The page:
http://img.photobucket.com/albums/v2...enPassthru.jpg

Rebuild the wall or sister additional supports onto the existing wall, so what I mean is build out the wall on either side so the wall is now thicker than it was before, this way you keep it symmetrical. Additionally I would bolt the new wall frame to the floor to increase stability.

You'll be thankful later.


Its most likley that the existing stud wall is no where strong enough to support your coutertop without it swaying and being unstable when done.

AtlanticWBConst. 09-02-2006 04:21 PM

Quote:

Originally Posted by harleysilo

1) When I tore out the original hardwood floor I discovered it had been lain over tarpaper. What's up with that? The tile floor in the kitchen had two layers of plywood underneath it, in between the plywood is a layer of tarpaper, same question...

This was done to eliminate possible squeaks between the 2 layers of plywood...rubbing together when walked on.

brockhouse 11-02-2012 01:25 PM

tiling a kitchen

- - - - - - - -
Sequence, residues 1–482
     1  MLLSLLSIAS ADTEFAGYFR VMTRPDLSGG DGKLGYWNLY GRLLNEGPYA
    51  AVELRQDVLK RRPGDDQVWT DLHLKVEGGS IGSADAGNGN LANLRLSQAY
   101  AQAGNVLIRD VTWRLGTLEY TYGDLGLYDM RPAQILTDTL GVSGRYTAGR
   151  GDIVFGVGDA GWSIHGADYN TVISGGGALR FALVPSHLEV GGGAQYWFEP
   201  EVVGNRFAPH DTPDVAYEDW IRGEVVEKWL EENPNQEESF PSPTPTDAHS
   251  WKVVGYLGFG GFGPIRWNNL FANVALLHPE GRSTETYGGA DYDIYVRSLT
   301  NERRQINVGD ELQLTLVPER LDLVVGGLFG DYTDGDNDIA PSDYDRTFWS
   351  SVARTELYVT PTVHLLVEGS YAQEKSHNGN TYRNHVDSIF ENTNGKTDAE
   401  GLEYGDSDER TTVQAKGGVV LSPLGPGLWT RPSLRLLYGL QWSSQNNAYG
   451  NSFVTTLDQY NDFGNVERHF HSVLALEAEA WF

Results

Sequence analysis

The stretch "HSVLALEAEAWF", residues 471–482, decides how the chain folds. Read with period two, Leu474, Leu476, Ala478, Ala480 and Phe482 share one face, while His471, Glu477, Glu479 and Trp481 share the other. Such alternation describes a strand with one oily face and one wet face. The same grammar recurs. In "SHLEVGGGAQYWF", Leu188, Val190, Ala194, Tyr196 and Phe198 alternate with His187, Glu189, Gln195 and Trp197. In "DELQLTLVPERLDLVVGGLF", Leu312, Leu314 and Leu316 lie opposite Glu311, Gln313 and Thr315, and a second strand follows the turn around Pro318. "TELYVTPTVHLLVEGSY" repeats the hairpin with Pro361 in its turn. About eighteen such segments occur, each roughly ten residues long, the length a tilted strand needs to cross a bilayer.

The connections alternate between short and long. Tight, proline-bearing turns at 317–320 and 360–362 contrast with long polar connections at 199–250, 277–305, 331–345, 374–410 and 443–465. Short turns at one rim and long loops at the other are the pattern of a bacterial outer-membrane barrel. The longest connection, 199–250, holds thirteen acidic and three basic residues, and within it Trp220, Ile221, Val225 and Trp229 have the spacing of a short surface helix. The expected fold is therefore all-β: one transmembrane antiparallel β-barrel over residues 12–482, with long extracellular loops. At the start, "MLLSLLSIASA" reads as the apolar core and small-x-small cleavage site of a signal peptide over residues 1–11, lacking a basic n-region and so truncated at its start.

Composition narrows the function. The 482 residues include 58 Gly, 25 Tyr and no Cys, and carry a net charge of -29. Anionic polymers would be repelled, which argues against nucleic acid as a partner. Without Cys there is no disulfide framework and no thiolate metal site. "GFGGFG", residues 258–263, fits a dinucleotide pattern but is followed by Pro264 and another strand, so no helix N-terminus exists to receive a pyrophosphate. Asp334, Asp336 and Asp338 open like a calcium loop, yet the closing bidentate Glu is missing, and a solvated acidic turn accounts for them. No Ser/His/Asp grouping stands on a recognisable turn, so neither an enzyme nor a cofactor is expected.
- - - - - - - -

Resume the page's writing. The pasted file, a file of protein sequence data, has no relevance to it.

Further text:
....okay. I would suggest that you make sure you tile the whole floor. You should never create a difference in the floors elevation in case there is anything that spills on the floor and being a kitchen the chance of the floor being wet it pretty high.. if the floor is higher where there is tile then water will naturally collect at the lowest possible level which would be under the cabinets where you are missing tile, because you will have this pooling under a wood cabinet the cabinet will absorb moisture through capillary action and cause the cabinets to discolour, peal and even start growing mould which can be toxic for indoor air quality. A kitchen makeover is very straightforward... you rip out the existing counters appliances and floor, you then tile the whole floor, then put in the cabinets and countertop and then install new appliances, then do a backsplash and trim and paint. Make sure you are using a product like ditra mat if you are tiling on subfloor, this floor will flex over time and the mat will absorb the flexibility and lower the chance of tiles and grout lines cracking. As for what you have found when you ripped up the hardwood floor...Hardwood floors need a layer that prevents moisture from moving up through the floor which would be absorbed into the hardwood floor and cause the floor to expand and shrink which would damage the floor... tar paper is not the greenest product to use because it contains toxic substances. Tar paper was used for interior applications long ago when products where not necessarily tested for indoor healthy living. However tar paper does the job being impermeable to the movement of moisture. The 2 layers of subfloor is a good building practice for tiling because it increases the floors durability and causes less flexion. The tar paper in the middle of the ply's was probably again to prevent moisture from moving up through the floor causing the thinset to weaken and crack. Also make sure to use a silicone caulking around the cabinets kick board to further prevent moisture from getting under the cabinets.. I hope this info helps; Iím looking forward to posting more info on this site!